Wednesday, 19 June 2013

Explaining the Buyer's Premium, and a handy auction calculator

The buyer's premium is the fee added to the hammer price at auction, but don't be fooled by the term - it's really paid by the seller. Buyers decide how much they want to pay, and take off the premium to work out the maximum hammer price they're willing to bid. If the buyer's premium increases, they compensate by reducing the hammer price they are willing to pay. If a dealer is willing to pay £20k for a picture bought directly from a collector, they're not going to pay £25k for the same picture from auction because there's a 25% premium - the dealer can't sell for a higher price just because they had to pay a buyer's premium.  

The seller is paying for the auction house for its services. A higher buyer's premium means that the seller will receive less of the proceeds - so if you're selling through an auctioneer, focus as much on the buyer's premium as on the seller's premium. Over the past few decades there has been a shift from charging seller's premium to charging buyer's premium. Indeed, the average premium income at Sotheby's (buyer's premium plus seller's premium) was just 16.6% in 2011 and 16.3% in 2012, according to their annual report (p.25). Sellers sometimes even pay a negative premium - i.e. they will receive a share of the buyer's premium. Christie's doesn't publish these data because it is privately owned, but I suspect theirs is a bit higher because they sell more lower-valued lots that attract a higher premium. 

The shift to buyer's premium has been driven by competition to win consignments. Buyers can't negotiate - it makes no sense to agree a deal where the buyer pays a low premium, but the underbidder would have been charged the full premium. Negotiation takes place with sellers. But auctioneers don't make it easy for buyers to see what they're paying. Estimates reflect only the hammer price, but results include commission, making it hard to compare. Premiums are on a sliding scale, with different rates applied at different price points (e.g. 25% on the first £37,500 at Christie's, then 20% to £750k and 12% thereafter).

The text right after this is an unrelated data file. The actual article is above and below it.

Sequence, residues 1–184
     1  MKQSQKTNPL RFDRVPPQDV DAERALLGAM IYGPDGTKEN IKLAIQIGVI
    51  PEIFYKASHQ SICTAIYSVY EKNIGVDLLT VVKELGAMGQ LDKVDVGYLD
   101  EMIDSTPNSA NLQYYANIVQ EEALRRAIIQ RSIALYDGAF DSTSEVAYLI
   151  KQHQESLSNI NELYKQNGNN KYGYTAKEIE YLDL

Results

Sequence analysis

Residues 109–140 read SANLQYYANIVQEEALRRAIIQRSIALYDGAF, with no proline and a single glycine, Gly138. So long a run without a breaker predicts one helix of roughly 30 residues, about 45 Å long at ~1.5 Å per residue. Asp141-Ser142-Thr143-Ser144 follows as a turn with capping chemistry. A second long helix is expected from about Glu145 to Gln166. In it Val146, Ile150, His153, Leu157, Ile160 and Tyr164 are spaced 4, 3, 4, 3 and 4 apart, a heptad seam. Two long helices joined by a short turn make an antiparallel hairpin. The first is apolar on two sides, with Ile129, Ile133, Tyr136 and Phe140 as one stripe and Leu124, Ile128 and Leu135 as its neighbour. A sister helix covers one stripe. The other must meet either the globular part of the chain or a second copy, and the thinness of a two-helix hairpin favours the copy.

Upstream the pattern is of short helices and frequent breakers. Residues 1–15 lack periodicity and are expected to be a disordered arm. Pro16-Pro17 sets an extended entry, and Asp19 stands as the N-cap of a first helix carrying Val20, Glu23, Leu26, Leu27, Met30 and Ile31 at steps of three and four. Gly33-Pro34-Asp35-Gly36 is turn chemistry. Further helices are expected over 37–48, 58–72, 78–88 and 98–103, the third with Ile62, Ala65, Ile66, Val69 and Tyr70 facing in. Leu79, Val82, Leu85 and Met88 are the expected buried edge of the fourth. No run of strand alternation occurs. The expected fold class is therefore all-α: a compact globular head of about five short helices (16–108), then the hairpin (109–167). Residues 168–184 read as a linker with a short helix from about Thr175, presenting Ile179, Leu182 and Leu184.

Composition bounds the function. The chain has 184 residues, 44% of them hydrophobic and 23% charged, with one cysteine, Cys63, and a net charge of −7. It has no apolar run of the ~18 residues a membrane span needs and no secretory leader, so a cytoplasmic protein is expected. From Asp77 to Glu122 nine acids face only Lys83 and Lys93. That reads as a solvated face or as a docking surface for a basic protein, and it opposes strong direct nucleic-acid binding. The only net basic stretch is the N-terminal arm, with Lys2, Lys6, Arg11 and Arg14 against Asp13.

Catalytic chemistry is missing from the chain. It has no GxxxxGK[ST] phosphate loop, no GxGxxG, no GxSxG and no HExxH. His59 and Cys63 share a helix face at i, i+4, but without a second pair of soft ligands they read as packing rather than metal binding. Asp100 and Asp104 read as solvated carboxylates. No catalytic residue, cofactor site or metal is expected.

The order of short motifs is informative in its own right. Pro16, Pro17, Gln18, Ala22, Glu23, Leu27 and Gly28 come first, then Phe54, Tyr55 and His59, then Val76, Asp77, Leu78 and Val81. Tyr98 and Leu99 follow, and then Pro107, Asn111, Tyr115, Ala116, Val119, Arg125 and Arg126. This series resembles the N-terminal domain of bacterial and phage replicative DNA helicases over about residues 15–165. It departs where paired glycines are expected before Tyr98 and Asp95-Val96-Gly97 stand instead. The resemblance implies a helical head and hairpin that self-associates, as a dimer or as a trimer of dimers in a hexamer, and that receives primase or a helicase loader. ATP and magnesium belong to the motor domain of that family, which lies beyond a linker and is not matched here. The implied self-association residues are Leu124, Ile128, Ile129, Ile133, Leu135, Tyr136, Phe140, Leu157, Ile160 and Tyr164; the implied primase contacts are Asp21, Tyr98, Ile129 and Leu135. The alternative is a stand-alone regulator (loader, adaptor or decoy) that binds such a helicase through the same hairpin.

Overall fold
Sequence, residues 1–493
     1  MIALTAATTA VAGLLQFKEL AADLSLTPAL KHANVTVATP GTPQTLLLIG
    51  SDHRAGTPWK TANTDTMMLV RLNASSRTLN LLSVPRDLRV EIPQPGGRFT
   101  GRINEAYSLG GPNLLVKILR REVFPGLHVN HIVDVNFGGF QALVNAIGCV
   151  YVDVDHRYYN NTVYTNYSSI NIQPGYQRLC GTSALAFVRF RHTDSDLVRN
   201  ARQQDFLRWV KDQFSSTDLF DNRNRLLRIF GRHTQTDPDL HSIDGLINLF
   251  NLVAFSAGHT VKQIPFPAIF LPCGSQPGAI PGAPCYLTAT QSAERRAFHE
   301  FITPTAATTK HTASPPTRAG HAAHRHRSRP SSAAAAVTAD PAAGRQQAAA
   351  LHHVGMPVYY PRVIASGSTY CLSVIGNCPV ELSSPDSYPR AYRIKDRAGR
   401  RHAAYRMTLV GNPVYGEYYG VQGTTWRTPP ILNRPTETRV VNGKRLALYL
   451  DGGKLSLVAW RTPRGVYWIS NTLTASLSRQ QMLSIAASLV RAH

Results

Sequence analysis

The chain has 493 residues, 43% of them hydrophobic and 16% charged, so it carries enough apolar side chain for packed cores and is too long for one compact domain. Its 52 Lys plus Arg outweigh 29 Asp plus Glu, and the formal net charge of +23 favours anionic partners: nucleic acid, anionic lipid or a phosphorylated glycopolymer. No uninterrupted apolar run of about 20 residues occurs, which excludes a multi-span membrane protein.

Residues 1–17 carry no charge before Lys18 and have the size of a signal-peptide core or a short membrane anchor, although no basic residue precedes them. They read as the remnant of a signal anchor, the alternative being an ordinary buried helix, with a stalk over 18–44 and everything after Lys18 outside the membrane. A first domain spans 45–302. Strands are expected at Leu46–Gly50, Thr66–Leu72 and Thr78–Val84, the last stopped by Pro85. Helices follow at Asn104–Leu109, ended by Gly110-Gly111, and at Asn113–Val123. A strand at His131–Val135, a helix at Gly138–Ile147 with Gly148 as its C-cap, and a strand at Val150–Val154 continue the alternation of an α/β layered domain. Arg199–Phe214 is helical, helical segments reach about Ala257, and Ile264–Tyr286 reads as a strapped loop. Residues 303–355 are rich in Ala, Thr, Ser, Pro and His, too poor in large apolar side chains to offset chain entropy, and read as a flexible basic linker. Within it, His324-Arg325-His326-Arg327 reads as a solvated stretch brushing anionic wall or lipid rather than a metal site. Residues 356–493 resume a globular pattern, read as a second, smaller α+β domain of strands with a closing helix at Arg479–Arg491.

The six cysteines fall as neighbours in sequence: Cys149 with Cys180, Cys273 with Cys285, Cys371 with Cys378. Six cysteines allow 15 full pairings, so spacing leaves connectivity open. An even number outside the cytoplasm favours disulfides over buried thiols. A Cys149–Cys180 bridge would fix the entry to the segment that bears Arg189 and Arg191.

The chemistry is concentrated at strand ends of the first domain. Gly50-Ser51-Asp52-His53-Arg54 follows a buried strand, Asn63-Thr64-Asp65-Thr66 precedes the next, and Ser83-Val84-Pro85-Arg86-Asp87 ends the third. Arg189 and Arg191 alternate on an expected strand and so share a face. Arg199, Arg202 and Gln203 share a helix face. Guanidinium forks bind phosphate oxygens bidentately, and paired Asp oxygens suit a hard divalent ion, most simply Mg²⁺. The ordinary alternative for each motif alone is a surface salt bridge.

As the old master sales are approaching, I've made this handy Excel calculator, currently covering only Sotheby's and Christie's in London. You choose the venue from the drop-down box and enter the hammer price, and it will calculate the total price including commission, and also with sales tax on top of the commission. Some lots attract sales tax on the hammer price as well - you're on your own there I'm afraid! I can't embed the calculator in the blog (probably technological incompetence on my part), but email me at michael dot j dot savage17 at gmail dot com and I'll send you the sheet.

Auction Premium Calculator
Hammer Price£100,000
Price including premium£122,500
Price including premium and tax£127,000

And the other way around, this one calculates the hammer price from the premium:

Auction Hammer Price Calculator
Venue Sotheby's
Total Price £122,500
Hammer Price £100,000


  1. Hi Michael,

    This is a great article. I did find it very hard to find, but it is very interesting.
    I would really like you to send me this excel sheet to try and in return, I'd be very happy to convert it to web format that you could put on your site.
    Let me know.

    Darren Starr

  2. You omitted 20%VAT on the Hammer price, if/when charged in addition to VAT on whatever % commission is charged??

    1. I built it into the calculator as another option, but obviously it only applies in the UK, and even there doesn't apply to zero-rated goods (e.g. books).

  3. Negotiation takes place with sellers. But auctioneers don't make it easy for buyers to see what they're paying. Art news

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  5. Hi,
    I have built an Apple IOS App which covers most costs UK based. Its located here